13. Factors to consider • Survey content • Salience of topic to respondent • Sensitive topics (socially undesirable behaviors, medical issues) • Timing • Farm surveys avoid peak work times • Holidays associated with higher NR • Interviewers • Training to improve technique • Refusal conversion staff • Observer variation for bird counts

  14. Factors to consider – 2 • Data collection method • Mail/fax/web has highest NR, then phone, then in-person • Interviewer assists in locating process, gaining cooperation to participate, avoiding item NR • Computer-assisted data collection instruments prevent item NR due to data collector error • Guides data collection, checks for completeness

  15. Factors to consider – 3 • Questionnaire design • Key: reduce respondent burden (effort to respond, frustration in responding) • Cognitive psych principles used to simplify, clarify, test questions and questionnaire flow • Examples of factors follow … • Wording of individual questions • Can respondent answer the question? • Does s/he understand the question? • Single concept, simple wording, transition

  16. Factors to consider – 4 • Questionnaire flow/design • Content: is flow logical, assist in cognitive process? • Mail, web, fax: visual interface is very important to helping respondent accurately complete questionnaire • Length of questionnaire • Shorten to extent possible • Allowable length depends on how vested the respondent is likely to be

  17. Factors to consider – 5 • Survey introduction • First contact between respondent and data collector • Want to motivate respondent to participate • Positive: contributions to knowledge base • Negative: confidentiality concersn • Methods (use both if possible) • Advance letter to respondent or land owner (need address) • Phone or written introduction to questionnaire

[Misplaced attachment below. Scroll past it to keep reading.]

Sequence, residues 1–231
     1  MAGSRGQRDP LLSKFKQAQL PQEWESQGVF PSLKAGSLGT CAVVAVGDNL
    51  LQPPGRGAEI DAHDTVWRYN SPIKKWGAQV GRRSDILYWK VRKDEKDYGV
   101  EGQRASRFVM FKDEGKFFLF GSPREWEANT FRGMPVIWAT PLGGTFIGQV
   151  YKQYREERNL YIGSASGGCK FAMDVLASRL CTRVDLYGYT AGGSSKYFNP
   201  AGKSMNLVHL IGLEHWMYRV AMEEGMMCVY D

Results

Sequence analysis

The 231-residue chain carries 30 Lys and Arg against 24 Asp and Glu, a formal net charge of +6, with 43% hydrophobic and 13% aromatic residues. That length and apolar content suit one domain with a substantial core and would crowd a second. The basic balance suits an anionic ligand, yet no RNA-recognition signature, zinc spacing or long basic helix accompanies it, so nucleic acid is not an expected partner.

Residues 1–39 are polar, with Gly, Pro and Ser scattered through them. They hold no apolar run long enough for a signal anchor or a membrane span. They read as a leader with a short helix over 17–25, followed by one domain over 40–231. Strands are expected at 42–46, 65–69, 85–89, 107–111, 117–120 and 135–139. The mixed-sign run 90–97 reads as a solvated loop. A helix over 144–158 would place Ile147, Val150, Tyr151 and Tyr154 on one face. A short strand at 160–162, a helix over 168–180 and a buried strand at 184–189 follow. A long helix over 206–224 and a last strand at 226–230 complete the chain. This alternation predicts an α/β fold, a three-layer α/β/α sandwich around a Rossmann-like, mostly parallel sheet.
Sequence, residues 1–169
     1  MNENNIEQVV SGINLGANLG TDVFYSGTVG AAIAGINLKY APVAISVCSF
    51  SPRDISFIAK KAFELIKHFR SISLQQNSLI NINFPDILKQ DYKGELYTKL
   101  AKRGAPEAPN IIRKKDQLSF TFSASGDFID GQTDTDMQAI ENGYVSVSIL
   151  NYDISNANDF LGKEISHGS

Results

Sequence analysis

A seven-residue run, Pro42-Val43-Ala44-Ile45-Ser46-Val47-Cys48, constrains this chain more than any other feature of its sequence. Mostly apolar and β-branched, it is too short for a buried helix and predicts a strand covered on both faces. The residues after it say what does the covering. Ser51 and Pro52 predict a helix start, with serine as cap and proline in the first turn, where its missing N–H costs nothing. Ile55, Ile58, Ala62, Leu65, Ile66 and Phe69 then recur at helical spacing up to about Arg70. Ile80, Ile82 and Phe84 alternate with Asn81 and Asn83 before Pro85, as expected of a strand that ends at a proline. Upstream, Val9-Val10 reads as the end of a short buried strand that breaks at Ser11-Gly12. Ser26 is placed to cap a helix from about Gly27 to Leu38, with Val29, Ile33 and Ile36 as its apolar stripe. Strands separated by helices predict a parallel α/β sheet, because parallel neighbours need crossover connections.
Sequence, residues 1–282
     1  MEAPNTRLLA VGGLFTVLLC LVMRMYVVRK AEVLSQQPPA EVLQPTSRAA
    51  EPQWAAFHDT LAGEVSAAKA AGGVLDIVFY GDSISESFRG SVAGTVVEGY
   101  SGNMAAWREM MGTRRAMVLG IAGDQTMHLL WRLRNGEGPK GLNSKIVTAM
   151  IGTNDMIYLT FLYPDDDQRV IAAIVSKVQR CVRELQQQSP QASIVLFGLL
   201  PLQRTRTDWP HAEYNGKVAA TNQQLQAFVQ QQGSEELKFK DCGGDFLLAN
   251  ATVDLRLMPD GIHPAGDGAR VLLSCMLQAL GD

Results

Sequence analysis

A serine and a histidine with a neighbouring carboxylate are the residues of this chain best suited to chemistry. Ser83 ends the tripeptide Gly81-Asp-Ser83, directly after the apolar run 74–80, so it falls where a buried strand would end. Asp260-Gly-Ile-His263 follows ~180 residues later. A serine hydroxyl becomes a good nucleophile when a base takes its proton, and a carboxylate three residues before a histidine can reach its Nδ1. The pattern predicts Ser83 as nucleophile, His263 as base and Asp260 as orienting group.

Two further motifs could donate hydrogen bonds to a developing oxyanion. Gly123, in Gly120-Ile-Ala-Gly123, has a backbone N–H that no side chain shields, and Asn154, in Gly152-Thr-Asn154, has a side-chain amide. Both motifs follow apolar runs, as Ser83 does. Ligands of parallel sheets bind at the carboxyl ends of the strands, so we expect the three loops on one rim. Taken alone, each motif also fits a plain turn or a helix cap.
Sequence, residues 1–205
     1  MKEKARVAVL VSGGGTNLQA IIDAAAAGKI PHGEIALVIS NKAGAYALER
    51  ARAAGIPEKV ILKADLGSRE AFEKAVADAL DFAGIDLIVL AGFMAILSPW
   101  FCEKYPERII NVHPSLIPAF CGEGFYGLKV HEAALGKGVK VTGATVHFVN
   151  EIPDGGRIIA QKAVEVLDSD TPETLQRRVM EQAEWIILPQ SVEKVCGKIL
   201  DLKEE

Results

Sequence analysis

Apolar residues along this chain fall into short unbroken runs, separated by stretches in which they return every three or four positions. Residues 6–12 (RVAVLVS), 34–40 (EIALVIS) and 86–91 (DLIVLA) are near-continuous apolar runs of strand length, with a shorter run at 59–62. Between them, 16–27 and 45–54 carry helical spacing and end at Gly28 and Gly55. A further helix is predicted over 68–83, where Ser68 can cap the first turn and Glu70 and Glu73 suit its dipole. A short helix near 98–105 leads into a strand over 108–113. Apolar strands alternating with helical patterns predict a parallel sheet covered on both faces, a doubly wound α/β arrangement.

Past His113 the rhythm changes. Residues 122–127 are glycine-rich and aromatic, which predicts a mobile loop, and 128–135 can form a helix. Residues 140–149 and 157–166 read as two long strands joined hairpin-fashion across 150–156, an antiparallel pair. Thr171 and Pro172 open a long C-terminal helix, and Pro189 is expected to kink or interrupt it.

18. Factors to consider – 6 • Incentives • Money, gifts, coupons, lottery; penalties • Hard to determine what is appropriate • Generally has a positive effect • Worry: incentive creep, increases cost of survey • Respondents get used to it  increases difficulty and cost in gaining response • Follow-up to obtain response • Mail: repeated notifications after initial mailing • Postcard reminder, 2nd questionnaire mailing • Phone: protocols for repeated attempts to get an answer, refusal conversion

  19. Factors to consider – 7 • Sample design • Use design and estimation principles that increase precision for a given sample size • Stratification, ratio/regression estimation • Less burden on population by using smaller sample size to achieve a given precision level

  20. Example: Census study • Decennial census • Start with a mail survey, then do in-person nonresponse follow-up • Little increases in response rates save big $$ • Much cheaper to do a mail survey • Entire US population, so “sample size” is large • Impact of three methods on response rates • Advance letter notifying household that census forms are coming • Stamped return envelope included with form • Reminder postcard sent a few days after the form • Figure 8.1: letter, postcard > envelope • Increased from 50  65%

  21. Mechanisms for nonresponse • Define a new random variable that indicates whether a unit responds to the survey • We use a random variable because willingness to respond is not a fixed characteristics of a unit • Define the probability that a unit will respond to the survey = propensity score

  22. Types of nonresponse • MCAR: missing completely at random • MAR: missing at random given covariates • Also called ignorable nonresponse • Nonignorable nonresponse

  23. Missing completely at random (MCAR) • Propensity to respond is completely random • Default assumption in many analyses • Often not true • Propensity score is not related to • Known information about the respondent or design factors (x) • Response variables to be observed (y) • Implies • If we take a SRS of n units, responding portion of sample is a SRS of nR units • (sample mean of responding units) is unbiased for (population mean for whole pop)